Check out the best selling books; those are generally packed with great wisdom.

8. Have a quick nap.

If you are at home, take a quick nap for about 20-30 minutes. This clears up your mind and gives you a quick boost. Nothing quite like starting off on a fresh start after catching up on sleep.

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9. Remember why you are doing this.

Sometimes we lose sight of why we do what we do, and after a while we become jaded. A quick refresher on why you even started on this project will help.

What were you thinking when you thought of doing this? Retrace your thoughts back to that moment. Recall why you are doing this. Then reconnect with your muse.

10. Find some competition.

Nothing quite like healthy competition to spur us forward. If you are out of ideas, then check up on what people are doing in your space.

Colleagues at work, competitors in the industry, competitors’ products and websites, networking conventions.. you get the drill.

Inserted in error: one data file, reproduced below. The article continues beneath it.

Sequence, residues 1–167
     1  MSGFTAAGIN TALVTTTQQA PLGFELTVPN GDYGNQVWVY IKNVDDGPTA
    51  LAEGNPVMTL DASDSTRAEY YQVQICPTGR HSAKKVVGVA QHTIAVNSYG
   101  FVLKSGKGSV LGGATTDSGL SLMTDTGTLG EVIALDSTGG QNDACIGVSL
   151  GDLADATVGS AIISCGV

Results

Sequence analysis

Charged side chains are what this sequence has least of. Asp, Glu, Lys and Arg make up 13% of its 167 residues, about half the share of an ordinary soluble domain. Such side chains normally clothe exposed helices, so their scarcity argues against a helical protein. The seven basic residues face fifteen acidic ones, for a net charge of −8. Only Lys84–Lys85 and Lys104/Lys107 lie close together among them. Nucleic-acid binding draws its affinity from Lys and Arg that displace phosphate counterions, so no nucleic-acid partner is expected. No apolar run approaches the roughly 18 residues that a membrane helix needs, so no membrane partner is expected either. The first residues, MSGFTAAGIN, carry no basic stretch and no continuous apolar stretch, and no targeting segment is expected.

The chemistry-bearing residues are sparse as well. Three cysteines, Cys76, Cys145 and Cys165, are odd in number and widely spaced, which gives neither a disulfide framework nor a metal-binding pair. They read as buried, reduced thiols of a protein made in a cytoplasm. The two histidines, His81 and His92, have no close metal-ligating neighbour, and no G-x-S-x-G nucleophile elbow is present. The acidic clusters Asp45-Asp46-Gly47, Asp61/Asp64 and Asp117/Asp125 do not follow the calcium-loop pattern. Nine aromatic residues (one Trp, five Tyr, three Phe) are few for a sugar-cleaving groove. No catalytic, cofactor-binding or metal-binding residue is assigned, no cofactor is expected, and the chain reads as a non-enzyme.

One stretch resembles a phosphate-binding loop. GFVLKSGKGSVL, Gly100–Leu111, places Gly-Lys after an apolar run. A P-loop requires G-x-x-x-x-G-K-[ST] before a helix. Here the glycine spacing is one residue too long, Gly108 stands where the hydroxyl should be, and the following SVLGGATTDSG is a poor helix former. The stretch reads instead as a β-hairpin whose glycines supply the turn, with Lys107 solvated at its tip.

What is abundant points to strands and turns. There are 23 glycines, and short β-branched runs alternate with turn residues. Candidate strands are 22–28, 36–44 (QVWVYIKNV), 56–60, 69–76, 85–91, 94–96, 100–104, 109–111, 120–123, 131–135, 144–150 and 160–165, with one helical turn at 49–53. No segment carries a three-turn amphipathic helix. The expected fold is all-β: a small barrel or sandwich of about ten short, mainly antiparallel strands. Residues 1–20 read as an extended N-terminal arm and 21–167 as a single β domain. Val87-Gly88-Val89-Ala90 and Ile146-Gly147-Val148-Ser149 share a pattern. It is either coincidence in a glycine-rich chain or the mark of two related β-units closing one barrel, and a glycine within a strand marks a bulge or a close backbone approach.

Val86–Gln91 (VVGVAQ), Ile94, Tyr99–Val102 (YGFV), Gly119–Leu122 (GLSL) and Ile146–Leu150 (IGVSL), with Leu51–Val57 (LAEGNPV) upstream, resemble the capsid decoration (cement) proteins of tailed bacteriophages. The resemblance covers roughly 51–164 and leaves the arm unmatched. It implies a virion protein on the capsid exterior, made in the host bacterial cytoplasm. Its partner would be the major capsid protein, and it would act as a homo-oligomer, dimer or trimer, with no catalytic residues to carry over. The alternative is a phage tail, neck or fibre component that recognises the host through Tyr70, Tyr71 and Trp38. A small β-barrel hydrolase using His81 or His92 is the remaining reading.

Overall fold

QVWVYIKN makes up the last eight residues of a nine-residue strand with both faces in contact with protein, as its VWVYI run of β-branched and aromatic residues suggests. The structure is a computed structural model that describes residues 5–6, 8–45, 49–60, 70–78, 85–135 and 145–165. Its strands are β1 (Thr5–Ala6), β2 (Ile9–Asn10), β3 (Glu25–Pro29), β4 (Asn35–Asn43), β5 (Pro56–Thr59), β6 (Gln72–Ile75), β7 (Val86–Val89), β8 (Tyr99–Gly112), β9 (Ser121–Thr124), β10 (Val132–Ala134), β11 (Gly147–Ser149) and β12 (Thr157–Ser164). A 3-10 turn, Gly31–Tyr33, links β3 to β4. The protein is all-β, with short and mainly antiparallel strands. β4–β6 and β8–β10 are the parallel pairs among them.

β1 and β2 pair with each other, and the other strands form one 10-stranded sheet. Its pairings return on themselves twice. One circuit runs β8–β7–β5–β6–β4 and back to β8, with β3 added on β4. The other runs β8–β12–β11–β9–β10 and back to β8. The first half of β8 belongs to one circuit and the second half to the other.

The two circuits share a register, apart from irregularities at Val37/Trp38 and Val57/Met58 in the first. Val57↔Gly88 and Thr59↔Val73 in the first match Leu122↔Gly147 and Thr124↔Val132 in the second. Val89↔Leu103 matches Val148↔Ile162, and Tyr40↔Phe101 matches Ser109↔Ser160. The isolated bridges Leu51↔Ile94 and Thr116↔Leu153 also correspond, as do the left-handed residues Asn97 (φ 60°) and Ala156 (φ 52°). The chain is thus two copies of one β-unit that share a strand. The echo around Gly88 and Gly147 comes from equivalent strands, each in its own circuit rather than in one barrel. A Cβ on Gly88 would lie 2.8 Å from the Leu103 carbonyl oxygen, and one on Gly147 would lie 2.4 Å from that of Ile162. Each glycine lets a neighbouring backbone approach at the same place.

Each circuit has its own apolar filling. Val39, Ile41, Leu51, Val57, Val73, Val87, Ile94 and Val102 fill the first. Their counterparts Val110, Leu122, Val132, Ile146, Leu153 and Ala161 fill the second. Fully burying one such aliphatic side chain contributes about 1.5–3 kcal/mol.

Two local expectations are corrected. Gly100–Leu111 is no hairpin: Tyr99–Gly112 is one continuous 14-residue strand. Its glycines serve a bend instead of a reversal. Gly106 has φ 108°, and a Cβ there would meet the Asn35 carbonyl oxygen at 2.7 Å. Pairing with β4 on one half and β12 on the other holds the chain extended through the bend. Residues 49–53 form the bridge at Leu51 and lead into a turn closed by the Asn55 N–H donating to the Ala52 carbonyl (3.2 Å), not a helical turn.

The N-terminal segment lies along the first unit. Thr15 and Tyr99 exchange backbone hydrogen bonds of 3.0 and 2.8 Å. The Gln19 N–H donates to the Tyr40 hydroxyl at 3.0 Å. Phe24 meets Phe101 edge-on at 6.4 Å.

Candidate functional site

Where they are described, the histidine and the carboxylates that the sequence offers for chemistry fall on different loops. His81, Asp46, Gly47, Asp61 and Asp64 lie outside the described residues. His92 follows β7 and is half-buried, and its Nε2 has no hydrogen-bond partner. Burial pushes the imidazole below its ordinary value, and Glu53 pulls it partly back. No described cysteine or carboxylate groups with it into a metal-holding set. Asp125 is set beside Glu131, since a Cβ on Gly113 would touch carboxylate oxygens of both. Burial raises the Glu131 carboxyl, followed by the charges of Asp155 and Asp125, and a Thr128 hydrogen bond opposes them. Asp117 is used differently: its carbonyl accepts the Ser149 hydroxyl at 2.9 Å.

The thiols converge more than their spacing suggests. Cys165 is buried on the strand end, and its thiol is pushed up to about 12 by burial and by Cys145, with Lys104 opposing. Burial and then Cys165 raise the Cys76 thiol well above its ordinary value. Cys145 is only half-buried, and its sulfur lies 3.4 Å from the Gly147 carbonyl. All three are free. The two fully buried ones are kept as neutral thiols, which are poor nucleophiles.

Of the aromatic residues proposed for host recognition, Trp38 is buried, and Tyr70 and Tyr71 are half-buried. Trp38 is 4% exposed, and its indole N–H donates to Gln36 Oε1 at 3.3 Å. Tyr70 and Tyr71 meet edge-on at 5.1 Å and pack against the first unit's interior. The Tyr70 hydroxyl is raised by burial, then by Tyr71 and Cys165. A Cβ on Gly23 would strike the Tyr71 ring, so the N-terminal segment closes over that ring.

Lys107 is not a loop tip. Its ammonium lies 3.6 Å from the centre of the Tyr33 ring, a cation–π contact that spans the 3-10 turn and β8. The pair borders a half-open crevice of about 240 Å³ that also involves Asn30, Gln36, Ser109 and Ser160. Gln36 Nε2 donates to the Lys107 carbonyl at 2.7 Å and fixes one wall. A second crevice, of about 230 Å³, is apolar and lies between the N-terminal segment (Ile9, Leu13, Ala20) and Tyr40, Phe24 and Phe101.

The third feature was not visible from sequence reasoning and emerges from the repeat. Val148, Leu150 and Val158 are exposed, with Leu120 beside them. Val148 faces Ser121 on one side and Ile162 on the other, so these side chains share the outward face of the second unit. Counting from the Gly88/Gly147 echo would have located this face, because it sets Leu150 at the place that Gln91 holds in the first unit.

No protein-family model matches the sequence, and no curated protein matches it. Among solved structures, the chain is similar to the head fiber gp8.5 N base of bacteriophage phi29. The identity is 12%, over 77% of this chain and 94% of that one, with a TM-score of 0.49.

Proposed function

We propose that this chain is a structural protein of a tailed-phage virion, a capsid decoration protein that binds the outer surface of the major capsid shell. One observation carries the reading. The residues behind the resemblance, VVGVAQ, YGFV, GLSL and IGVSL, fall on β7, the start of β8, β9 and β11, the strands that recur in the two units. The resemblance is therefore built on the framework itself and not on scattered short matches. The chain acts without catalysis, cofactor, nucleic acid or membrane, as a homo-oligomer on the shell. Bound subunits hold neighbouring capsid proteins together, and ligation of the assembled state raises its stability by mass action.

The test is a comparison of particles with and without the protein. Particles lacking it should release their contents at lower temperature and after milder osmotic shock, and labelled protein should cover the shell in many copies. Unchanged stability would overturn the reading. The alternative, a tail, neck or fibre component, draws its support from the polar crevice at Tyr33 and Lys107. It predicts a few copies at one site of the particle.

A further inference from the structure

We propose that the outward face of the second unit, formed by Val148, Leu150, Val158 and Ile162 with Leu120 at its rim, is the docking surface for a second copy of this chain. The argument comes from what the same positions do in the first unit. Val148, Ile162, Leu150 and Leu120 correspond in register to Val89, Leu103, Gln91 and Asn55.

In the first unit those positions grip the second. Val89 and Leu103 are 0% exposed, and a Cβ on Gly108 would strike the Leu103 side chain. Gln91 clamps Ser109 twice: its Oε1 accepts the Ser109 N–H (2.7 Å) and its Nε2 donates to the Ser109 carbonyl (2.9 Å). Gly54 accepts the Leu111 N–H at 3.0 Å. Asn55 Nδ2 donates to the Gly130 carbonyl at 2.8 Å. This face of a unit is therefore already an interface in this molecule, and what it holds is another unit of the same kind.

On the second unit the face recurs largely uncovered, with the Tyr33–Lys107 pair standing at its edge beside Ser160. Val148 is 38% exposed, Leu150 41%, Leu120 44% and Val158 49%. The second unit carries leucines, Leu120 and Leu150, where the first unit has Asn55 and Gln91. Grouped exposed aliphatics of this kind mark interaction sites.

11. Go exercise.

Since you are not making headway at work, might as well spend the time shaping yourself up.

Sometimes we work so much that we neglect our health and fitness. Go jog, swim, cycle, whichever exercise you prefer.

As you improve your physical health, your mental health will improve, too. The different facets of ourselves are all interlinked.

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Here’re 15 Tips to Restart the Exercise Habit (and How to Keep It).

12. Take a good break.

Ruts are usually signs that you have been working too long and too hard. It’s time to get a break.

Beyond the quick tips above, arrange for a 1-day or 2-days of break from your work. Don’t check your (work) emails or do anything work-related. Relax and do your favorite activities. You will return to your work recharged and ready to start.

Contrary to popular belief, the world will not end from taking a break from your work. In fact, you will be much more ready to make an impact after proper rest. My best ideas and inspiration always hit me whenever I’m away from my work.

Take a look at this to learn the importance of rest: The Importance of Scheduling Downtime

More Resources About Getting out of a Rut

Featured photo credit: Joshua Earle via unsplash.com